Jesus’ life and ministry is God’s story of redemption.  He is Israel reduced to one in everything that He did.  When Jesus was born, the nation of Israel ceased to exist any longer.  God’s chosen people became a chosen One.  And Jesus then opens that up to all mankind through His death and resurrection.  Jew and Gentile alike are the chosen people of God through baptism.  Through your baptism, you are His child, part of the new Israel, God’s chosen people, a holy nation.  We are not a nation of space and boundaries, but a nation of faith through baptism.  Together, all Christians today are Israel.

Like circumcision was for the first Israel, baptism is a sign and reminder to us that we are God’s people.  In addition to that, so is the Lord’s Supper.  That’s one of the key reasons why God instituted the sacraments with tangible things that are common to us.  Every time you see water, be it in the shower, washing your hands or your dishes, be it an ocean or a river, all water can remind you of your baptism.  And every time you see bread or wine, from the grocery store to the kitchen table, these things remind you of Christ’s death on the cross, the forgiveness of your sins.

Jesus wasn’t a superhero.  He was a boy, a normal boy who happened to be the Son of God.  He was the chosen One of God, set apart from the beginning to be our Savior.  Set apart as the child who “grew and became strong, filled with wisdom.  And the favor of God was upon Him.”  The very favor God which marked Him as Israel reduced to One.

Mary did you know that your baby boy would give sight to a blind man?  Mary did you know that your baby boy would calm a storm with his hand?  Did you know that your baby boy has walked where angels trod?  And when your kiss your little baby, you have kissed the face of God.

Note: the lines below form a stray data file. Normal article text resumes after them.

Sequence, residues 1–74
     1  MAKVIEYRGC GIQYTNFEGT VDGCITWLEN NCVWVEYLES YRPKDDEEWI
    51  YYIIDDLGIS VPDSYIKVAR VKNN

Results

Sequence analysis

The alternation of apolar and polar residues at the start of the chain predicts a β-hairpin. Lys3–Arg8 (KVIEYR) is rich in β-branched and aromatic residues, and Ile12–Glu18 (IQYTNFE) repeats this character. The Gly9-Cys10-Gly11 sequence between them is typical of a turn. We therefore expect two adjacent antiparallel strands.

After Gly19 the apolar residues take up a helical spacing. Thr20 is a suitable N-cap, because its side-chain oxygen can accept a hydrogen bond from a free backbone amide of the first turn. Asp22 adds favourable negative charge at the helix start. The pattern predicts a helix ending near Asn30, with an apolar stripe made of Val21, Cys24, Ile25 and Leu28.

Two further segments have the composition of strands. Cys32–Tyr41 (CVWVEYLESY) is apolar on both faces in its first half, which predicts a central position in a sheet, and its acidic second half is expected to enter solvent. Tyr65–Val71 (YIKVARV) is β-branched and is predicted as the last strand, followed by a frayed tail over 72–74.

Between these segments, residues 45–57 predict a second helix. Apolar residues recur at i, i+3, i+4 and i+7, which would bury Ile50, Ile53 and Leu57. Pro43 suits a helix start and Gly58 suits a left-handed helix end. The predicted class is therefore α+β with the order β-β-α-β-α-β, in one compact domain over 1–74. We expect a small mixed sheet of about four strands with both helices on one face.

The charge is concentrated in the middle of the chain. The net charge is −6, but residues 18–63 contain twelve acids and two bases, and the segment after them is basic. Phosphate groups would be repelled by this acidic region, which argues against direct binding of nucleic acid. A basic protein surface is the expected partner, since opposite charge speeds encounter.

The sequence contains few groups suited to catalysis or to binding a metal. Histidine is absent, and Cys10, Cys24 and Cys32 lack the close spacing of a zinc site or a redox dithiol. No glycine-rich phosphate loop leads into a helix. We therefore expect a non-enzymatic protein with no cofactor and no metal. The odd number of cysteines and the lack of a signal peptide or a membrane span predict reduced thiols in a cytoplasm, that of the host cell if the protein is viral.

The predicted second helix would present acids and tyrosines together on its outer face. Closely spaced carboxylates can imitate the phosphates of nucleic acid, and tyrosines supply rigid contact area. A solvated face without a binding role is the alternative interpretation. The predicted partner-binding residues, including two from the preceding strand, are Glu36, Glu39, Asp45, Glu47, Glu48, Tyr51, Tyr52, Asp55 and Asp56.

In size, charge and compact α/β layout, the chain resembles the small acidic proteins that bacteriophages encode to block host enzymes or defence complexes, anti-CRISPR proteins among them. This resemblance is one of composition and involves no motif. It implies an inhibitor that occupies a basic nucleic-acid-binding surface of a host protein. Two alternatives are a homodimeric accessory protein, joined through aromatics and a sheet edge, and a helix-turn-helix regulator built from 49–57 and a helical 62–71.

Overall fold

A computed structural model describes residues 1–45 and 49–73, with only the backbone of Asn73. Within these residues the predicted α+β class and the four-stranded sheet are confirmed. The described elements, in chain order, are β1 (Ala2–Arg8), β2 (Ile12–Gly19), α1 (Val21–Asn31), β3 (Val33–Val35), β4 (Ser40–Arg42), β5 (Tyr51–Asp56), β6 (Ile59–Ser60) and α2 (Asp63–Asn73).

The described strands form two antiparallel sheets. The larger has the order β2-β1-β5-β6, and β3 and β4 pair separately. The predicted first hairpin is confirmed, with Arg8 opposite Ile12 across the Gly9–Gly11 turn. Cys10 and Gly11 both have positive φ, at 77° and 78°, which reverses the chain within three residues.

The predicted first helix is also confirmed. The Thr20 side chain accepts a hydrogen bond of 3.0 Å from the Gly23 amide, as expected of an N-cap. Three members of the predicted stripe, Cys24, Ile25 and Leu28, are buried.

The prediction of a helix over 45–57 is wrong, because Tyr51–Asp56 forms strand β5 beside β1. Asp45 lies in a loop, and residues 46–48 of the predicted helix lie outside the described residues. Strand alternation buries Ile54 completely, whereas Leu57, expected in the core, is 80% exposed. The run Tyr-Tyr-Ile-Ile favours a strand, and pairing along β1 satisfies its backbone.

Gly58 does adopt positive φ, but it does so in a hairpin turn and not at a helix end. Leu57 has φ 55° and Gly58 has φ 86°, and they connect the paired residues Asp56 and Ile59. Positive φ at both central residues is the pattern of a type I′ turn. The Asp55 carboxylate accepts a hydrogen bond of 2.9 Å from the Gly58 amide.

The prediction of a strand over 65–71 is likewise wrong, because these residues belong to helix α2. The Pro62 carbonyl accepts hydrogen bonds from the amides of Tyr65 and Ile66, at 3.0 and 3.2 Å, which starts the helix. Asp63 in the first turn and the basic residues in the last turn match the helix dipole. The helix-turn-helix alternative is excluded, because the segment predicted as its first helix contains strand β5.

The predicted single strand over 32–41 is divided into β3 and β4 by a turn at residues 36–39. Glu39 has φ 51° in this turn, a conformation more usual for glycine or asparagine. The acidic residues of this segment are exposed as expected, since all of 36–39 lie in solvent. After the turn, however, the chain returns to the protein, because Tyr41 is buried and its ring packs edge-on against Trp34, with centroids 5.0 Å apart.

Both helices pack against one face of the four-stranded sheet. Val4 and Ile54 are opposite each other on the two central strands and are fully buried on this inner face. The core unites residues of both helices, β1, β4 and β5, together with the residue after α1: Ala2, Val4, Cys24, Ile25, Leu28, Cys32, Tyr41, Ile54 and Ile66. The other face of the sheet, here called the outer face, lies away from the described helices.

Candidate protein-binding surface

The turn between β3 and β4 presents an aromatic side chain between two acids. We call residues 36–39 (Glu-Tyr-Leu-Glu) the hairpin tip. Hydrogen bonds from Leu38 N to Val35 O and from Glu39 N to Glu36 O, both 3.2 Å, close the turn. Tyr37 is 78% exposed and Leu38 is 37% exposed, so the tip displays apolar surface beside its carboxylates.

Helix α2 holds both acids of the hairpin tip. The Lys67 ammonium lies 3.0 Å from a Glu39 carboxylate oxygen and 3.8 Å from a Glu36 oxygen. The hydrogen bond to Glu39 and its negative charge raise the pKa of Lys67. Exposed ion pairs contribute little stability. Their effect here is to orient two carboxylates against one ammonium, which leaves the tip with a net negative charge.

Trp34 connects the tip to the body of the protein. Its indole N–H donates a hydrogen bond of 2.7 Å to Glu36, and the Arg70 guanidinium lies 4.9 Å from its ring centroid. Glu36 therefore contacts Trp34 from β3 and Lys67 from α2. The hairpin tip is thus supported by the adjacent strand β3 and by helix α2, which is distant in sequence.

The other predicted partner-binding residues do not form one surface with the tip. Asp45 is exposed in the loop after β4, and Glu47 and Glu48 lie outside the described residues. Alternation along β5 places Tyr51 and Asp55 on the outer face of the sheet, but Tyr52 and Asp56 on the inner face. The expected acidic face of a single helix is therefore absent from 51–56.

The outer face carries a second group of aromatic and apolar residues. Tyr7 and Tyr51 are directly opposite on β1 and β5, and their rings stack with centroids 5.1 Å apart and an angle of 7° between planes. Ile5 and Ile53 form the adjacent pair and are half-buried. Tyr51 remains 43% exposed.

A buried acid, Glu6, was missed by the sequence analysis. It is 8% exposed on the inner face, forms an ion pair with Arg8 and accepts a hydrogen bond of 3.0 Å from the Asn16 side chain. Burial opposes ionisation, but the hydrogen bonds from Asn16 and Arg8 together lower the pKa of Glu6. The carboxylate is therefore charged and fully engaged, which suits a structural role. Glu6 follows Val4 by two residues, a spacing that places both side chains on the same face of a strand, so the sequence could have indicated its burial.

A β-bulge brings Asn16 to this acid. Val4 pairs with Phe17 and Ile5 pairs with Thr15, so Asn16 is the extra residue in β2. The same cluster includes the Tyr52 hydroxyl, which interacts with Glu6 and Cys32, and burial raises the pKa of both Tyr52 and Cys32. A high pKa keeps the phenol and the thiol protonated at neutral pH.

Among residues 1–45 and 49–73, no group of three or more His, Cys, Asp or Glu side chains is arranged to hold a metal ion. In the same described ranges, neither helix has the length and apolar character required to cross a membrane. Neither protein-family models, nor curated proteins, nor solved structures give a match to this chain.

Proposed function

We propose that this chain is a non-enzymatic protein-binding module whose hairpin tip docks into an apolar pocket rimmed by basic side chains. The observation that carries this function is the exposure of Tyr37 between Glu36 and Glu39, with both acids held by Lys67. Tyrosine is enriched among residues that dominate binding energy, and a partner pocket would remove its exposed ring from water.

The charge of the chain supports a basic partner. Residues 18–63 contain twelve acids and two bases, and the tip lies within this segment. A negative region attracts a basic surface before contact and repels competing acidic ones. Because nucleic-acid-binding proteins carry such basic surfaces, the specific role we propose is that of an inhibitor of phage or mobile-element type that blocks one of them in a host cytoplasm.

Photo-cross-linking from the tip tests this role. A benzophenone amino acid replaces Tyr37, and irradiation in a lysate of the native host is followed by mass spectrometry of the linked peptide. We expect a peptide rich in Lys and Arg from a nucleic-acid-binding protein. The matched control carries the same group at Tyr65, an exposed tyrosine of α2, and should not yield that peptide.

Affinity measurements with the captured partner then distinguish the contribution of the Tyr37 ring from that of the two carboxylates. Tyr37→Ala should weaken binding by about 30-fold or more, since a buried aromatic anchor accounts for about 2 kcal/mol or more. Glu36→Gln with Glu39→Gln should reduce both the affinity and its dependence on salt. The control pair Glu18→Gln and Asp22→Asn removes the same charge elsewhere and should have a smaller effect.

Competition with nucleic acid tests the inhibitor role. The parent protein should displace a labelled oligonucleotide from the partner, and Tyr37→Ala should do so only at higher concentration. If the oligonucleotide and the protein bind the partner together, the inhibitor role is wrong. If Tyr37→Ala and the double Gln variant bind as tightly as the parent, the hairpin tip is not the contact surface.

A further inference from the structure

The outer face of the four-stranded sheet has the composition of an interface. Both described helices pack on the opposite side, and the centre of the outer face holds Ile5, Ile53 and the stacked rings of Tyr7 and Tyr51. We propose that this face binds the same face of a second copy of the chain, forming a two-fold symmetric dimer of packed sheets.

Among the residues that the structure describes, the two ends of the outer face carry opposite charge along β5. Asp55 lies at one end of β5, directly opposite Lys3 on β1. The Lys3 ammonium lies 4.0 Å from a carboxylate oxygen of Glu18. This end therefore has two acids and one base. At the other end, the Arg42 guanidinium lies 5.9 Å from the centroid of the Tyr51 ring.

Prepare the Way of the Lord December 9, 2012

Posted by sandhandrews in Sermons.
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Luke 3:1-14

 Advent 2

December 8-9, 2012

Focus: God sends His only Son for us (twice!).

Function: That the hearers prepare for Christ’s return.

Structure: Here is a prevailing view…but here is the claim of the gospel.


Prepare the Way of the Lord

            Prepare, prepare, prepare.  We have to be prepared.  What’s going on in the news right now that is prompting us to need to be prepared?  What’s the concern three weeks from now?  We have to prepare for the fiscal cliff.  If you watch any of those news channels and especially the shows on the economy, they’re probably already telling you what to do with your money.  How do you handle your investments?  What are you going to do about the increase in taxes?  You name it, they’re saying we must prepare!  At least the fiscal cliff is more likely to happen than the Mayan apocalypse two weeks from now, right?

Much of our lives deal with preparation.  How do we prepare our children for school?  How do we prepare them for the real world?  In what ways can I prepare myself for marriage, retirement, or even death?  And isn’t success in our culture often defined by the how well prepared we are?  The one who has everything laid out for their future, aren’t they the ones who always succeed?

Last weekend Pastor Mitteis introduced us to Advent.  He even admitted how many Advents he has had the pleasure of celebrating.  As we look up here to the front of the church today, we see a banner.  A banner that is helping us to prepare for Advent.  And with this being the second week of Advent, we move on to the second candle; we prepare.

But what is it exactly that we’re preparing for?  Pastor talked about that, too.  The word “advent” means “coming.”  And specifically, when we celebrate Advent at church, we are celebrating the coming of Jesus Christ.  We celebrate that nearly 2,000 years ago, God sent His Son Jesus Christ into the world.  We celebrate that Christ took on flesh; He became a man; He became a part of His creation.  We celebrate that first Christmas morning not just because a baby was born, but because that baby would be our Savior.  That Christ would die for us, redeeming us and this world from the clutches of sin, death, and the devil.